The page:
You cannot compare yourself to others; you must compare yourself to yourself. I know what my body is capable of, but still this year is different than last year. Sunday marked the 3rd Malibu Marathon. It is only a year ago that I ran my 5th half-marathon with a 2-inch honkin’ brain tumor. Today, I need more sleep and face other challenges. Fortunately, my health isn’t in jeopardy like it was last year, but my health is different. Even though the tumor is gone, I was not able to maintain cardiovascular or quad fitness it takes to tackle the Malibu Hills. I can blame one of my doctors for sending me into a spiral depression so I said, “forget running,” or I can blame God for giving me a brain tumor. Really, the only person I have to hold accountable is myself. It is for that reason my poor workout accomplishments are above.
The laundry list of failing each “new” week is quite extensive. With my setback, I remember to relish some of the accomplishments, and attempt to keep those as reminders to forge ahead. I over came a frustrating summer. My Garmin died during one run and I have yet to send it back to get a replacement. I started wearing my Timex like I did when I fist started running. I took it back even more and threw my “drt equation” (distance equals rate times time) out with the trash- I simply started focusing on distance… I’d get there when I’d get there. Speed would come. And so far, it is slowly coming back. I did all this, and then I was saddled with something that added another layer of complication: more responsibility at work. That said, I have taken the advice of other running enthusiasts: Get your run in before work, then it won’t matter if you work late.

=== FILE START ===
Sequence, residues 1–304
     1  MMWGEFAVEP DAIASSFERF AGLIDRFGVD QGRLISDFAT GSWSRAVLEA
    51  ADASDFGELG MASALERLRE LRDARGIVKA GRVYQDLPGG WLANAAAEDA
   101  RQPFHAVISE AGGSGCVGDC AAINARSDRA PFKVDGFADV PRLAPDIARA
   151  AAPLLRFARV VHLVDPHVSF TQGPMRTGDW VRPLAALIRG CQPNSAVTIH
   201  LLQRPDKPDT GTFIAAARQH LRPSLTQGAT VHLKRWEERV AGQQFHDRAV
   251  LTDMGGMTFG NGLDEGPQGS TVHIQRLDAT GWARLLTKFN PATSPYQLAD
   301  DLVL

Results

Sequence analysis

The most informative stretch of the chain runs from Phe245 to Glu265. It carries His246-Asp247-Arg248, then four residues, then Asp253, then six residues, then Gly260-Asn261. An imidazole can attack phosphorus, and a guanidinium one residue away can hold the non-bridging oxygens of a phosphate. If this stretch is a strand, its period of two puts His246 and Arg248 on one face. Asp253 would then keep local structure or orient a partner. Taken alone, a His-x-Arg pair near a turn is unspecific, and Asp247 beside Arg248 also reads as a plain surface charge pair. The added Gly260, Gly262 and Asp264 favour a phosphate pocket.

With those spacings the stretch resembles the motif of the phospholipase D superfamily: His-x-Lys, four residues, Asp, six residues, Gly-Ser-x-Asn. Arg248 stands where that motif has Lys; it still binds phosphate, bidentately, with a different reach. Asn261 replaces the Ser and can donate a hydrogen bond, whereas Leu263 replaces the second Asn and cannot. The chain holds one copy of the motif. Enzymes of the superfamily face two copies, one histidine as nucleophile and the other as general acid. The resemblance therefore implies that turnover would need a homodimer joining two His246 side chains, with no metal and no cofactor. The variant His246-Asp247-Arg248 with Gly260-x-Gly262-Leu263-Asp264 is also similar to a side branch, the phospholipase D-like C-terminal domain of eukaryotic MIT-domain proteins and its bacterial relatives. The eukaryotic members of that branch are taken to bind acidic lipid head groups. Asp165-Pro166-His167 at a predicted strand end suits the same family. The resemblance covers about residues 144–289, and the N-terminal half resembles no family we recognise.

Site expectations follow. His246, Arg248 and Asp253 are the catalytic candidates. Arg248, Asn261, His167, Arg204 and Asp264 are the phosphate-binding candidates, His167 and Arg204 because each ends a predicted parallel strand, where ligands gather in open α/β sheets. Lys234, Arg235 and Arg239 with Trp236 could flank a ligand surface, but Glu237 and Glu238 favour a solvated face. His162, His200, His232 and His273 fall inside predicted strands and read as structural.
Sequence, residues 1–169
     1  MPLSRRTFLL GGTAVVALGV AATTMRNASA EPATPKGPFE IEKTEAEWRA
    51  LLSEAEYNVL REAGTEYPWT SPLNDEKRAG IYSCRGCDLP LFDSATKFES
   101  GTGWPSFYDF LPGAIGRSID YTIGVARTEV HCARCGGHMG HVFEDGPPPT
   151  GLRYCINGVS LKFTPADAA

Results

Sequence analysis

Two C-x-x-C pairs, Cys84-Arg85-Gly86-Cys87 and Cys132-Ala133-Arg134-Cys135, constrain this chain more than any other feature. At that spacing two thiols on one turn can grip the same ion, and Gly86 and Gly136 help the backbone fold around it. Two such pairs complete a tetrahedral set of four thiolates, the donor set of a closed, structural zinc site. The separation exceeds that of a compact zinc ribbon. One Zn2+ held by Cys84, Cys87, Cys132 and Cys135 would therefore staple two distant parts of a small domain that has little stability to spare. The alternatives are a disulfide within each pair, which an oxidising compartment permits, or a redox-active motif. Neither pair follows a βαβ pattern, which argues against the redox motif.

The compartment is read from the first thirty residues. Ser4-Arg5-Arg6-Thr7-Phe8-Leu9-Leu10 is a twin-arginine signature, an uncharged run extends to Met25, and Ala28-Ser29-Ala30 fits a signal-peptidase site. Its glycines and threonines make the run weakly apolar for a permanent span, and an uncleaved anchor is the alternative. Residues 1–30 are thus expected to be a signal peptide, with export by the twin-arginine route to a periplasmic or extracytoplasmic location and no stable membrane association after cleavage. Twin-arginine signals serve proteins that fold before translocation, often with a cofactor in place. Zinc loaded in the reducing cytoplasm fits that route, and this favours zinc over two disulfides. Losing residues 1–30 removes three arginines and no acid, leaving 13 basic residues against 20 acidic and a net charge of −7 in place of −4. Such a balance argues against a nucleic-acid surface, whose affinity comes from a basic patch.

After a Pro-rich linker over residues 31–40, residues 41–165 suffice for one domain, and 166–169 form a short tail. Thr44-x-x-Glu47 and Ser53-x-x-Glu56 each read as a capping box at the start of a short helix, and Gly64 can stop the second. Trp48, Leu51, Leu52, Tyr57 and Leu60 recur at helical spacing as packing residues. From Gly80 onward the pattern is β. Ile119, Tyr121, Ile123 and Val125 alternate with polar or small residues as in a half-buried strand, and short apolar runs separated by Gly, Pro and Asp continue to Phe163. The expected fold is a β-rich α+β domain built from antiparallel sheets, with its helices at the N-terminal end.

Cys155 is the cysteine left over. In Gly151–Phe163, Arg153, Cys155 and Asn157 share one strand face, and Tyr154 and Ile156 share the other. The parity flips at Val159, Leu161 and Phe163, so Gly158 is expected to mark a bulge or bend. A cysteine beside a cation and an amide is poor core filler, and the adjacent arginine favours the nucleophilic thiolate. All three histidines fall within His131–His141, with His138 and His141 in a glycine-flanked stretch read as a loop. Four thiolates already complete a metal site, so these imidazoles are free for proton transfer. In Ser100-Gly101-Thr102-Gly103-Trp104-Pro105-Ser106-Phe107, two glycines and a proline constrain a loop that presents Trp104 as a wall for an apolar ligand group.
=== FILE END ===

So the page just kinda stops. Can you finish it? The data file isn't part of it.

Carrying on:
Last year at this time I was feeling pretty crummy and couldn’t understand why. My journal even quips that I wonder if I have a brain tumor because it’s the only thing that could make one feel this bad. I’ve got almost everything I want- family/friends, my health, great job, and soon a 7th half-marathon. I’m not worried about time (although, if we’re being honest, it is fun to think about), I just want to finish and finish strong.